If you want to get to the base of Three Sisters, take the trail called the Giant Stairway, but we do not recommend it to anyone with knee problems, because there are more than 800 steps before you get to the floor of the valley.

You do not need to return the same way, but it is possible to get to the Echo Point via Federal Pass, Furber Steps and Prince Henry Cliff Walk.

If you have bad knees, you can instead take a Scenic Skyway cable car.

The cabins are made of glass, so you can get amazing views of the mountains from above, and another attraction is the world’s steepest passenger railway which will take you to the bottom of the valley, where a series of boardwalks will walk you through the native rainforest.

What animals live in the Blue Mountains?

Listed as a World Heritage Site, the Blue Mountains area covers around 11,400 square kilometres of land consisting of rugged mountains, canyons, cliffs, rock formations, and valleys.

Over a hundred and thirty species of bird live in the woodlands, grasslands, and swamps. Of the avian species, one hundred and twenty-three are native diurnal birds, seven nocturnal including four types of owl, and sixteen varieties of bat.

Of the mammals, there are two main varieties can be found in the region: six are arboreal and eleven terrestrial.

The arboreal species include the vulnerable squirrel gliders, sugar gliders, feathertail gliders, greater gliders, common ringtail possums, and common brushtail possums.

And the native ground mammals include one type of monotreme (platypus), three dasyurids, one bandicoot, three macropods, two rodents, and the endangered brush-tailed rock-wallaby.

FAQs

Where are Blue Mountains located?

The Blue Mountains, a mountainous region and a mountain range located in New South Wales, are located west of Sydney, less than an hour from Sydney either by train or car.

Why are the Blue Mountains blue?

The Blue Mountains is densely populated by oil-bearing Eucalyptus trees. The atmosphere is filled with finely dispersed droplets of oil, which, in combination with dust particles and water vapor, scatter short-wave length rays of light which are predominantly blue in colour.

How do you spend a day in the Blue Mountains?

Often rated among the best viewpoints in Australia, Echo Point provides travelers with an amazing vista of the iconic Three Sisters rock formation and Jamison Valley.

If you want to get to the base of Three Sisters, take the trail called the Giant Stairway, but we do not recommend it to anyone with knee problems, because there are more than 800 steps before you get to the floor of the valley.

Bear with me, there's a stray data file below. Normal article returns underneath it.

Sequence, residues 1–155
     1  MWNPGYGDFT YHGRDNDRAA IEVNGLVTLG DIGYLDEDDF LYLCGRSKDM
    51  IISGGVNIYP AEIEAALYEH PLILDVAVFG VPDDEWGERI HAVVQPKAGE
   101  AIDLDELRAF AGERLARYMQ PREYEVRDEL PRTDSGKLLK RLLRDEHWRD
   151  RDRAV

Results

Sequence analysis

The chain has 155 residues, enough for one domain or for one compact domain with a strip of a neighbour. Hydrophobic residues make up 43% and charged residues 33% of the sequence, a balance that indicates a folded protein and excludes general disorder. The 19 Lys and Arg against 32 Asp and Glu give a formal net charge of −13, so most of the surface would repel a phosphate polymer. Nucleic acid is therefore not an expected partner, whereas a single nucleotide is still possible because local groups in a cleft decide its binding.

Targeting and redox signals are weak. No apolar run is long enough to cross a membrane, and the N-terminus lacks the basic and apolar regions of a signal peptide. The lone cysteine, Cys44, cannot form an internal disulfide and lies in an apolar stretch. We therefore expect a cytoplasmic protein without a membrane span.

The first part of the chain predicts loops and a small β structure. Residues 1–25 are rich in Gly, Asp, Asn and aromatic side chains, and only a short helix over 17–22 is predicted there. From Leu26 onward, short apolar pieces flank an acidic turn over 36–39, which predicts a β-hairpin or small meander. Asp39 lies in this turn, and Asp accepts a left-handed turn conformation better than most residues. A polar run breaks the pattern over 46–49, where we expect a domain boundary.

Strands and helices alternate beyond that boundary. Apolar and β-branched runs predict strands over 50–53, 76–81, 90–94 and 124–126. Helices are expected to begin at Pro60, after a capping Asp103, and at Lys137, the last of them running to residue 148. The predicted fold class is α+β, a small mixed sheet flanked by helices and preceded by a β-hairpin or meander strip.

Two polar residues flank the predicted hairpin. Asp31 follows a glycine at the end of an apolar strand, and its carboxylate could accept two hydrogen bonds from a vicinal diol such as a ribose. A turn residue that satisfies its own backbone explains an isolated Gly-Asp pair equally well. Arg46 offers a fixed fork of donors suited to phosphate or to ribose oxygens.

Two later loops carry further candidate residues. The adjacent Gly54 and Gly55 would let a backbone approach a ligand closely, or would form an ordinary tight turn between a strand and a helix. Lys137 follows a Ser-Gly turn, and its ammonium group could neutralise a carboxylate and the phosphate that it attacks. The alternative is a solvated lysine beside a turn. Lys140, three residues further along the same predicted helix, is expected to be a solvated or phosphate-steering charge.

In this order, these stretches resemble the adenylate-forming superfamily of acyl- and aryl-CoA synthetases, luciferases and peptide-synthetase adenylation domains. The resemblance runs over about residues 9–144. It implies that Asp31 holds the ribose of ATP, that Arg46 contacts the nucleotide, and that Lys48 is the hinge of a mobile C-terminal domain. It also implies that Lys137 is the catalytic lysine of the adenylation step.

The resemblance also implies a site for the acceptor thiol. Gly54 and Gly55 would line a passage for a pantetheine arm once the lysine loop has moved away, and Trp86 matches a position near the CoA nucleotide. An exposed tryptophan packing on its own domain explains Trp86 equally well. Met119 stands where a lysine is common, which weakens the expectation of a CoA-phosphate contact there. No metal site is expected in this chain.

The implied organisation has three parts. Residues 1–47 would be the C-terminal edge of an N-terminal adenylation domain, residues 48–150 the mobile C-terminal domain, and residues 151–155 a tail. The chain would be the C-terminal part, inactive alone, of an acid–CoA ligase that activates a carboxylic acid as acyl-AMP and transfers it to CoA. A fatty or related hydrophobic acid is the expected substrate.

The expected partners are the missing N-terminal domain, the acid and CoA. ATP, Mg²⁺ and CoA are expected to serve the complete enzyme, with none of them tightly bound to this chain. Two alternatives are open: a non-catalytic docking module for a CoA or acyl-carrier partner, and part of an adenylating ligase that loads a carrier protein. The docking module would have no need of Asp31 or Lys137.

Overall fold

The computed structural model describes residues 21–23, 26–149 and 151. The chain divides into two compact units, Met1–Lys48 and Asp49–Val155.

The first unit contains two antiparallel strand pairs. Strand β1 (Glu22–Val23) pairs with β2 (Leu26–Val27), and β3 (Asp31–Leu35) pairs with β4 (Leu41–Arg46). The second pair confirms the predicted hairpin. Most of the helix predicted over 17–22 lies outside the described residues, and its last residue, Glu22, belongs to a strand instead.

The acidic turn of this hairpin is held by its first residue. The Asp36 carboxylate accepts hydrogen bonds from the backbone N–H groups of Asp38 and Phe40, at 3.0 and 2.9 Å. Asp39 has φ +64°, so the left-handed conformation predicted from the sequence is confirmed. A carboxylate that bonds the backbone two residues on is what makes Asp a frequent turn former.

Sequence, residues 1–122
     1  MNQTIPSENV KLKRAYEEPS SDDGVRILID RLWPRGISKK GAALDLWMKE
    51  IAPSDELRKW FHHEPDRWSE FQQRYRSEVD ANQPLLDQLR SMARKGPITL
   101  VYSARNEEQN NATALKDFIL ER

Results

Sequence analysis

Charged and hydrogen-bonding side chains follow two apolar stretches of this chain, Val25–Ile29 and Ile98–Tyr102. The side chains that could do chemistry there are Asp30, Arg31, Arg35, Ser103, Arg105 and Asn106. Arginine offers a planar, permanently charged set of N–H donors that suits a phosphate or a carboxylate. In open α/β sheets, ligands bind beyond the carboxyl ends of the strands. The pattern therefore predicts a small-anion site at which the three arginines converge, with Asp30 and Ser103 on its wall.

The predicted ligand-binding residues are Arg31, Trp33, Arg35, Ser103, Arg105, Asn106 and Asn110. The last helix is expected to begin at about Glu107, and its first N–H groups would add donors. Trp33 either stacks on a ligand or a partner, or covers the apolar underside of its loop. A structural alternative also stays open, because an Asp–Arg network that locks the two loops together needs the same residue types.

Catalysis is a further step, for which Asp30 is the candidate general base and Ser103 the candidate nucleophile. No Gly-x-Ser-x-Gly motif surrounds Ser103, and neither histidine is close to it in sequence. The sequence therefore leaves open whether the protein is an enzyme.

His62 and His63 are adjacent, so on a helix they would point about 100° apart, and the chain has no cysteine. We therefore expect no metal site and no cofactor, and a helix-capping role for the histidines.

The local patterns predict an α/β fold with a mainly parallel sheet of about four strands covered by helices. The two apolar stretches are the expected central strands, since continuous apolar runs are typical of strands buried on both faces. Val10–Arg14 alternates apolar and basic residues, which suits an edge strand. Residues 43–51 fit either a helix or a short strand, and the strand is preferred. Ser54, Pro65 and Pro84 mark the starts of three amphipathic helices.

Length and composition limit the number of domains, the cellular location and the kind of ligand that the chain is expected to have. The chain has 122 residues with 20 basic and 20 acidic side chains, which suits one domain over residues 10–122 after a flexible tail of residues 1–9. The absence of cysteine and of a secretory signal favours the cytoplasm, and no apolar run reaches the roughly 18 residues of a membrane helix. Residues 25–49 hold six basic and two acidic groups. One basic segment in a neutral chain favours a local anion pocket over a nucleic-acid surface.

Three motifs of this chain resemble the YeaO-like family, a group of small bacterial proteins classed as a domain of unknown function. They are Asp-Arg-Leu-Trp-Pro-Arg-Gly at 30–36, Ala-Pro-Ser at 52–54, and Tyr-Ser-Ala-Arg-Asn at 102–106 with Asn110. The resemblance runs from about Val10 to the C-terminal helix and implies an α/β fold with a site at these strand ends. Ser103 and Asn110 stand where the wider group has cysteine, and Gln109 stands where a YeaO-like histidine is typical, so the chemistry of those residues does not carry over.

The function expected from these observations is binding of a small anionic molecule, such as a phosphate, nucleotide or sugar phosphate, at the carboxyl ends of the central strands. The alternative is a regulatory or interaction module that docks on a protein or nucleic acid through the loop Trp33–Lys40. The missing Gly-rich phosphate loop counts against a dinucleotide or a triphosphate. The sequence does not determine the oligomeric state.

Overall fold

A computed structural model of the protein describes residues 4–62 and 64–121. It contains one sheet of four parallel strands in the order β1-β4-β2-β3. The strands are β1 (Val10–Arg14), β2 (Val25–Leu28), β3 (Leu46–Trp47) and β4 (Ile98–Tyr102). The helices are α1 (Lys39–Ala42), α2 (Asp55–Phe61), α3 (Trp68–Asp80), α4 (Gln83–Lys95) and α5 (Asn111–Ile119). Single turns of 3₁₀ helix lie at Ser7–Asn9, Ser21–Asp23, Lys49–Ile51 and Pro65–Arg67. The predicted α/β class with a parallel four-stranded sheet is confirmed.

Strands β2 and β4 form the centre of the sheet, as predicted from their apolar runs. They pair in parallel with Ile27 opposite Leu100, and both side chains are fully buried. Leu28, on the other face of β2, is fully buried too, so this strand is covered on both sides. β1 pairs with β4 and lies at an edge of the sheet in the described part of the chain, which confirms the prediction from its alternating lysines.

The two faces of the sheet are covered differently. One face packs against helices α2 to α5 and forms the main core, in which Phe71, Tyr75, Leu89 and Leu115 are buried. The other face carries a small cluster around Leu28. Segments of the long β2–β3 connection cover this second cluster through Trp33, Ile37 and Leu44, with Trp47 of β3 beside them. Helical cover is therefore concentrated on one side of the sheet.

You do not need to return the same way, but it is possible to get to the Echo Point via Federal Pass, Furber Steps and Prince Henry Cliff Walk.

If you have bad knees, you can instead take a Scenic Skyway cable car.

The cabins are made of glass, so you can get amazing views of the mountains from above, and another attraction is the world’s steepest passenger railway which will take you to the bottom of the valley, where a series of boardwalks will walk you through the native rainforest.

What animals live in the Blue Mountains?

Listed as a World Heritage Site, the Blue Mountains area covers around 11,400 square kilometres of land consisting of rugged mountains, canyons, cliffs, rock formations, and valleys.

Over a hundred and thirty species of bird live in the woodlands, grasslands, and swamps. Of the avian species, one hundred and twenty-three are native diurnal birds, seven nocturnal including four types of owl, and sixteen varieties of bat.

Of the mammals, there are two main varieties can be found in the region: six are arboreal and eleven terrestrial.

The arboreal species include the vulnerable squirrel gliders, sugar gliders, feathertail gliders, greater gliders, common ringtail possums, and common brushtail possums.

And the native ground mammals include one type of monotreme (platypus), three dasyurids, one bandicoot, three macropods, two rodents, and the endangered brush-tailed rock-wallaby.